The code in the question will create a copy of
MyClass in the
std::vector. The original
m will be destructed when the
Test method exits.
If we change the vector to store pointers to
MyClass we have two possible options.
void Test( std::vector<MyClass*>& myvec )
// Allocates a new MyClass on the heap.
MyClass* pM = new MyClass();
// This variable will be allocated on the stack and cleaned up on method exit
At the end of this method
myvec has two elements,
When a container of pointers is stored then the object must be allocated so that it is valid for the length of time the pointer is in the container. In the example above the
pM pointer will be valid after the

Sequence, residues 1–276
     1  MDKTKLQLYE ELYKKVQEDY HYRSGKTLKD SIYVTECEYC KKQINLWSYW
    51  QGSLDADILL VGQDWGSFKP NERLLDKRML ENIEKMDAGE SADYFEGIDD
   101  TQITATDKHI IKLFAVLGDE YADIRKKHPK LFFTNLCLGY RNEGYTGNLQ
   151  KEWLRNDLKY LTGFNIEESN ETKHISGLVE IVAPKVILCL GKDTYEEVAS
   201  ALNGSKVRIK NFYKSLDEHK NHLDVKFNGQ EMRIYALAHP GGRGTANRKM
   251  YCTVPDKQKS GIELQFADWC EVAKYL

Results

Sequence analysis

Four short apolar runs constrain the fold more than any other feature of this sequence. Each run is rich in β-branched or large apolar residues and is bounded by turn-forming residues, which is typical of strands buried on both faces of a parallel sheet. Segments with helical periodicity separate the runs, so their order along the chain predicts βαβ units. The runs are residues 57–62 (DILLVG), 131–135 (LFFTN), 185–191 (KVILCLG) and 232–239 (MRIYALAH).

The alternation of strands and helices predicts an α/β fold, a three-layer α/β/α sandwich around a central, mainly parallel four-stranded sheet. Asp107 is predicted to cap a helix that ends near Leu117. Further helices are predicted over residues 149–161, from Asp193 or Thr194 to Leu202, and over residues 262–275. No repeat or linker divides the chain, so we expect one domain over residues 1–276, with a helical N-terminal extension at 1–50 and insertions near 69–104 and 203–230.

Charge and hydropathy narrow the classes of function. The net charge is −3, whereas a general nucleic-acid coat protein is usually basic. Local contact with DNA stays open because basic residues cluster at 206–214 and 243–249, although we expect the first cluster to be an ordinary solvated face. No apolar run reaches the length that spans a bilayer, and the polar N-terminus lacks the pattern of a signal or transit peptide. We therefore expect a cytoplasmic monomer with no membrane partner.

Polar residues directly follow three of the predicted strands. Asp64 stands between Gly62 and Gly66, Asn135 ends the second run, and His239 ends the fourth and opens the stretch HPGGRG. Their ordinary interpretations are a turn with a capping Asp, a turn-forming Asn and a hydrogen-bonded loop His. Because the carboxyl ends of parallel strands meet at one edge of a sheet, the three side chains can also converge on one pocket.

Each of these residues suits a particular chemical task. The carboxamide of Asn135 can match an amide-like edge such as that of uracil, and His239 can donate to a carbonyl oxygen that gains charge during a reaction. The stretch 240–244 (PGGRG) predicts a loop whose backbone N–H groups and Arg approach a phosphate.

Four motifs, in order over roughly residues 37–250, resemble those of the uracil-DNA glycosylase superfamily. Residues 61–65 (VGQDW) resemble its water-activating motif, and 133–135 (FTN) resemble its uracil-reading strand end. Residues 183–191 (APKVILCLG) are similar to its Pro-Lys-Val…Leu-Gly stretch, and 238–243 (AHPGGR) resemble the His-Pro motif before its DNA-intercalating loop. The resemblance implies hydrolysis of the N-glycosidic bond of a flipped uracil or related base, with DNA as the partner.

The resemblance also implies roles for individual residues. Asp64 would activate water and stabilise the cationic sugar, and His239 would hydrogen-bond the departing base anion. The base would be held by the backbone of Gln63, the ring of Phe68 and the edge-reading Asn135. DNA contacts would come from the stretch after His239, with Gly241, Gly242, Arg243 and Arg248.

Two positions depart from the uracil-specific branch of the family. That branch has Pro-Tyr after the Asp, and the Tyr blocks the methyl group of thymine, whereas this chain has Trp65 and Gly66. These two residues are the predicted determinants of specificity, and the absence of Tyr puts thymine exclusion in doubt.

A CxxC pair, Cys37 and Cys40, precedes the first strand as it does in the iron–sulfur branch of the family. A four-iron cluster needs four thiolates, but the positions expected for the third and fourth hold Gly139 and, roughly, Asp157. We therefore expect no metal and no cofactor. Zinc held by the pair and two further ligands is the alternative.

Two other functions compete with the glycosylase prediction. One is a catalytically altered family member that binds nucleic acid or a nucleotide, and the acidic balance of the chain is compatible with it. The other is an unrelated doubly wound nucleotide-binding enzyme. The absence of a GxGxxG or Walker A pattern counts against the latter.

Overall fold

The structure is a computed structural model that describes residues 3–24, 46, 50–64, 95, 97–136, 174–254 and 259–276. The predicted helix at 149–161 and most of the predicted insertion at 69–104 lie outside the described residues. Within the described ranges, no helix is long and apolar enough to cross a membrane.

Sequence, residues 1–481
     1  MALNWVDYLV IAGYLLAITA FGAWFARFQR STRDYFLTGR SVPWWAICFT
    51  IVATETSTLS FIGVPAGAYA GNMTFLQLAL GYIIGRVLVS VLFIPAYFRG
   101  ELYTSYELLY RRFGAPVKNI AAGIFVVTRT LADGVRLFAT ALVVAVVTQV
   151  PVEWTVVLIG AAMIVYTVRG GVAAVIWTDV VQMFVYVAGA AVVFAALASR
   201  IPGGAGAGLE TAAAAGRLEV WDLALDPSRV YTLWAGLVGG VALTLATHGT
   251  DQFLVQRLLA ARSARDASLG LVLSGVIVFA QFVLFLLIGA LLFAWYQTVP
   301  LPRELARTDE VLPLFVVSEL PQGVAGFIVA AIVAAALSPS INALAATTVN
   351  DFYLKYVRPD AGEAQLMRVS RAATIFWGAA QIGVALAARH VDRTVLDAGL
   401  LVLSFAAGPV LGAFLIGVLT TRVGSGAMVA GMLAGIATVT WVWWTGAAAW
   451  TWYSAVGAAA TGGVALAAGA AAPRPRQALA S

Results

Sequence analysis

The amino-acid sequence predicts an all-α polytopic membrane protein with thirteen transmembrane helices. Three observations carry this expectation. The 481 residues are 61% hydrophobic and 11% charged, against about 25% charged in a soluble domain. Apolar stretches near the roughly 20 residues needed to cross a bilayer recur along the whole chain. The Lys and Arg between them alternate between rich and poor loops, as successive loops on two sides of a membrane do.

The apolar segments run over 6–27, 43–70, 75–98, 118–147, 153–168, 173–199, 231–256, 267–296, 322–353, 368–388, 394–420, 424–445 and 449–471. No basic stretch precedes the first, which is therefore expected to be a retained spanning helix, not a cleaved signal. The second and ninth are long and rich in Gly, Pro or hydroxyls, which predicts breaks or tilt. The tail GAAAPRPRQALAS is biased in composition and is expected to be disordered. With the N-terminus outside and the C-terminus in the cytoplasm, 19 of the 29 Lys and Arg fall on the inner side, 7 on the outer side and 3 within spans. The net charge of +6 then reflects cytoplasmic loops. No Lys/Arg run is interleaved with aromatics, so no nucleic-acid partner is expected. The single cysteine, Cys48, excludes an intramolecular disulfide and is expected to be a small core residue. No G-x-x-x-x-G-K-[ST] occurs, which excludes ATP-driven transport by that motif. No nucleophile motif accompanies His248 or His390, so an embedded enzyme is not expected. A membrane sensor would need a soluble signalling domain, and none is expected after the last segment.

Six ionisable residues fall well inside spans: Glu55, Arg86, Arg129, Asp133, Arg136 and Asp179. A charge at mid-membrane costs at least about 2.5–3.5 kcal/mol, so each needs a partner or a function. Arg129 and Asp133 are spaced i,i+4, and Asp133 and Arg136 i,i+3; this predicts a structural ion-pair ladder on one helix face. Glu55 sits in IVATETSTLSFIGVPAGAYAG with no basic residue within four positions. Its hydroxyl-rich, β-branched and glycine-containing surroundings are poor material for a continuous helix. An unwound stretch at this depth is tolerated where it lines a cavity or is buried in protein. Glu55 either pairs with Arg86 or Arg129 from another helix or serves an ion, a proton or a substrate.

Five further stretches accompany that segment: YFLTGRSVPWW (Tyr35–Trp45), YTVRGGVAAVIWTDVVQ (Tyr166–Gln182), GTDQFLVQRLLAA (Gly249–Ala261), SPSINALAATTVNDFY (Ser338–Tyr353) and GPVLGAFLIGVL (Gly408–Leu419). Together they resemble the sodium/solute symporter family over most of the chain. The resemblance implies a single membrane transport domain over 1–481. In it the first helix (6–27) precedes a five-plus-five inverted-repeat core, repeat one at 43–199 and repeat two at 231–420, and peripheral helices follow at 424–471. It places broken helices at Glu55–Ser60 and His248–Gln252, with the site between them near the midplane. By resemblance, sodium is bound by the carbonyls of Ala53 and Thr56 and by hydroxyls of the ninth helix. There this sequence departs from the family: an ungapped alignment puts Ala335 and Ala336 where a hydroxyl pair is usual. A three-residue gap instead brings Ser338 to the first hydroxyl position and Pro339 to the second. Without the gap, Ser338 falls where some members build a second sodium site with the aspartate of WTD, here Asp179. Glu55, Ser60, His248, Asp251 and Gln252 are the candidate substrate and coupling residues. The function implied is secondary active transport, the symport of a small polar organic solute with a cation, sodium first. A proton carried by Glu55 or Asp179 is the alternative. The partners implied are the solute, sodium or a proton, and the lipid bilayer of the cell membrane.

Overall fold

Test method exits. This means that
myvec will be a valid pointer after the method exits.
Initially, a valid pointer to
dontDoThis variable will be added to the vector, but when the method exits the destructor of
dontDoThis will be called and the memory will probably be used to store other data. The pointer in
myvec looks ok, but any attempt to actually use it will cause undefined behaviour. On method exit the pointer in
myvec might look valid, but actually it points to junk.
Note that at a later time, when
myvec is changed or deleted, it is important to call:
to ensure that the object is cleaned up properly. Otherwise a memory leak will occur.
After explaining what will happen with naked pointers, I strongly recommend you use smart pointers such as std::unique_ptr and std::shared_ptr